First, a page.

There were no definitive answers, but the researchers spent considerable time establishing Whitman’s oppressive upbringing.

He described his father as brutal, domineering and extremely demanding. The boy wasn’t allowed to have friends, and other children weren’t allowed to visit his house. His teachers recalled that Whitman didn’t know how to play as a child. He would mimic the play behaviors of other children but seemed to take no joy in them.

Brown sees a child who never developed social skills that would prepare him to cope with stress.

In his journals and personal writings, Whitman admitted having overwhelming periods of hostility with little provocation.

He joined the Marine Corps without telling his father and spent five years in the Marines. The police officers who fatally shot Whitman found in his wallet a laminated card issued by the Marine Corps indicating he had been honorably discharged. But according to a 1963 investigation report, Whitman was court-martialed, demoted from corporal to private and sentenced to 30 days of hard labor for being a loan shark to the men in his company.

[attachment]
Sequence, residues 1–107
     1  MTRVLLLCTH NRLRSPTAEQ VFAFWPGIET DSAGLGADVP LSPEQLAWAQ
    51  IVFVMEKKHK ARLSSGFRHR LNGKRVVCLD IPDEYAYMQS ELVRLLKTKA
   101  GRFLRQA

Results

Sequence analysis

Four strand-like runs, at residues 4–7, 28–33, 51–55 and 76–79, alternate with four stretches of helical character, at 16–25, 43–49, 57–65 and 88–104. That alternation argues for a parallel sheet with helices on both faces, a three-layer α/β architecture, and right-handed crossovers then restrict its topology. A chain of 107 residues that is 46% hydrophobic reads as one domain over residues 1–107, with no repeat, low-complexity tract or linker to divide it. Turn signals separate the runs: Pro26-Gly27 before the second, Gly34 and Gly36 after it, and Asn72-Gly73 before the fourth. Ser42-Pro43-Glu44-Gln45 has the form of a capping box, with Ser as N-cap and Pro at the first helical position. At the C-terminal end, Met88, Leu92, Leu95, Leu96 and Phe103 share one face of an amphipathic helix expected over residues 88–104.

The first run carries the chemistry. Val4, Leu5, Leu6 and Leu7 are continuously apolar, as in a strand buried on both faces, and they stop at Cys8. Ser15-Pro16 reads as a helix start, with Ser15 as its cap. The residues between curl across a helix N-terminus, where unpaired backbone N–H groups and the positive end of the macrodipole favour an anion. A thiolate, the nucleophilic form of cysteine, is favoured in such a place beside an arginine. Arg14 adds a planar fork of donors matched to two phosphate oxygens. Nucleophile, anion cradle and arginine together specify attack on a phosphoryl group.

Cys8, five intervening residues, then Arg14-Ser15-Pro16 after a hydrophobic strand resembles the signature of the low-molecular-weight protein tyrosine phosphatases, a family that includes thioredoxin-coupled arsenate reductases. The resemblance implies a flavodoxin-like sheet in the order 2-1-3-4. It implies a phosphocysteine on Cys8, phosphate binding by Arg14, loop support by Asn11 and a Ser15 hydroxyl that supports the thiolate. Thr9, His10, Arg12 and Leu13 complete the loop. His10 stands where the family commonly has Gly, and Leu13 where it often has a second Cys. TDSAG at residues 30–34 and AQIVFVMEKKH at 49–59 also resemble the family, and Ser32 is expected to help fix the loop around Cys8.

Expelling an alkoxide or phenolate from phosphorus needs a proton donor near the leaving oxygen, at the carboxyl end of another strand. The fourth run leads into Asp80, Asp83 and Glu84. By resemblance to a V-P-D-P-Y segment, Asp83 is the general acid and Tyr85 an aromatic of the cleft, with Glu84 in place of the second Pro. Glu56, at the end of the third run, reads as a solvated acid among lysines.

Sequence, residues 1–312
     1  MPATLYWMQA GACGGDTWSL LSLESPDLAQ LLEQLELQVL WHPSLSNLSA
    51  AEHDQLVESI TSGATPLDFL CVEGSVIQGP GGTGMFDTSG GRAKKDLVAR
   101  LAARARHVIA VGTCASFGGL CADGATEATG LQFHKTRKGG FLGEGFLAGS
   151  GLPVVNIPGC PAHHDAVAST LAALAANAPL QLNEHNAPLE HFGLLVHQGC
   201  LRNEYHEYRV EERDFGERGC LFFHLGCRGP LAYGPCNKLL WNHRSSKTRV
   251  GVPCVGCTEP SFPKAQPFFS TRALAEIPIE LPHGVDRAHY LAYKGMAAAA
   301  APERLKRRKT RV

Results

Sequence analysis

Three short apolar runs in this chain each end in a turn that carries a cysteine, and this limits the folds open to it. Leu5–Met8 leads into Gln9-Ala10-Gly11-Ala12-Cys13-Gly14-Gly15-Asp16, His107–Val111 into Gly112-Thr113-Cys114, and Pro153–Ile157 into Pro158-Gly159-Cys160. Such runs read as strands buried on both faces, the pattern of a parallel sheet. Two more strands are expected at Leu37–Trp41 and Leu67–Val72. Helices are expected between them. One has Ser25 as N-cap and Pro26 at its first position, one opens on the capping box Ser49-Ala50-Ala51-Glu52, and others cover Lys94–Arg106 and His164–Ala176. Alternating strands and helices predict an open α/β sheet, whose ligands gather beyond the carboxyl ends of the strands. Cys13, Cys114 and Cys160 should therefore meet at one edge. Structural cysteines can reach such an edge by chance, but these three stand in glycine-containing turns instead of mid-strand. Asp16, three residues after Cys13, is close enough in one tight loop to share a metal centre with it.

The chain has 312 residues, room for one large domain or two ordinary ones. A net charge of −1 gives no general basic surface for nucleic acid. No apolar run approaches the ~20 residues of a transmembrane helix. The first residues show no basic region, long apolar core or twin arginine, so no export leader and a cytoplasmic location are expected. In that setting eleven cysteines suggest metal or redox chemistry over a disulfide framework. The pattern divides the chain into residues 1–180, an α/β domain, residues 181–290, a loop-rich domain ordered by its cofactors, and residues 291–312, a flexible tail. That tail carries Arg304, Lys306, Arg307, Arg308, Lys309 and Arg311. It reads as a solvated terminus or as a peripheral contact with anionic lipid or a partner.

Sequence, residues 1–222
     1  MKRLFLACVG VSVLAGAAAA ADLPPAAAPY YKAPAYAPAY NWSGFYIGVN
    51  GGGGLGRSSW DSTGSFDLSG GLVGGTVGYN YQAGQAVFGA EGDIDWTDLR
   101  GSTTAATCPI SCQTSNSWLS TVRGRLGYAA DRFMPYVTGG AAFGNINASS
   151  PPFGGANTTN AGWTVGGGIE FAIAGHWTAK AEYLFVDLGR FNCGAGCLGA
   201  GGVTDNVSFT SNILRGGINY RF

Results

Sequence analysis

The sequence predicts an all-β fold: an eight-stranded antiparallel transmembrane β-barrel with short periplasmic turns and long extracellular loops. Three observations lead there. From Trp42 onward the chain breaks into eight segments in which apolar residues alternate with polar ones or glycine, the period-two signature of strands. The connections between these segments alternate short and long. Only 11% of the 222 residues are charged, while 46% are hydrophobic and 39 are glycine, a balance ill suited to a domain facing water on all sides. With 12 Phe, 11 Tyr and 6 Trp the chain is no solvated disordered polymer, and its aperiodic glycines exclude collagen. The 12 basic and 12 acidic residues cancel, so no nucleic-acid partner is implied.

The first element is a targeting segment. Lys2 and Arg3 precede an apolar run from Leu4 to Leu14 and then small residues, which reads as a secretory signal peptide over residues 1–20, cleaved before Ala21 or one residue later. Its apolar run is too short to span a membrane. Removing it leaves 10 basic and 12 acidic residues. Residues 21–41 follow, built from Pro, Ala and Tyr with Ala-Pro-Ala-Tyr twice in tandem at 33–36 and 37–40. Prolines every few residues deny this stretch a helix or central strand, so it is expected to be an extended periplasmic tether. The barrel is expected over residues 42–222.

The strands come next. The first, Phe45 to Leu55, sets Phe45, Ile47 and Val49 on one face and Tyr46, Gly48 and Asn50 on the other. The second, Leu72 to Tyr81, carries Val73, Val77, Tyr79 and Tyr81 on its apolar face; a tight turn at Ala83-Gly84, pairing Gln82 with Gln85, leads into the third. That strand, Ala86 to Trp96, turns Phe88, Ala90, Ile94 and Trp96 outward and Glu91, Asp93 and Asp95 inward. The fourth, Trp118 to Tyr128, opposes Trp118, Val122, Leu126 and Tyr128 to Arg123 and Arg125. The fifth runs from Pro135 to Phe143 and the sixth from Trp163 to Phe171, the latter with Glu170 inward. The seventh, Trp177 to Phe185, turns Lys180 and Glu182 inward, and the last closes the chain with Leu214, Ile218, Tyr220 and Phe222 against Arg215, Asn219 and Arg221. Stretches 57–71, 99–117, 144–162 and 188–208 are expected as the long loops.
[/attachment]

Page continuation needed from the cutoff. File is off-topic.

His father intervened; otherwise, he might have been dishonorably dismissed from military service. But he was kept on, and during his remaining service he wrote about how much he loathed the Marines.

Whitman, who spoke of love for his wife, physically assaulted her at least twice and ultimately stabbed her to death.

Before he gunned down passers-by on campus, Whitman told a doctor at UT that he imagined himself “going up on the tower with a deer rifle and start shooting people.”

The doctor told him to schedule a follow-up for the next week, and Whitman received a prescription for Valium, an anti-anxiety drug.

Not just horsing around

His investigation of Whitman later led Brown to study others with violent behavior, and he eventually focused on the importance of play.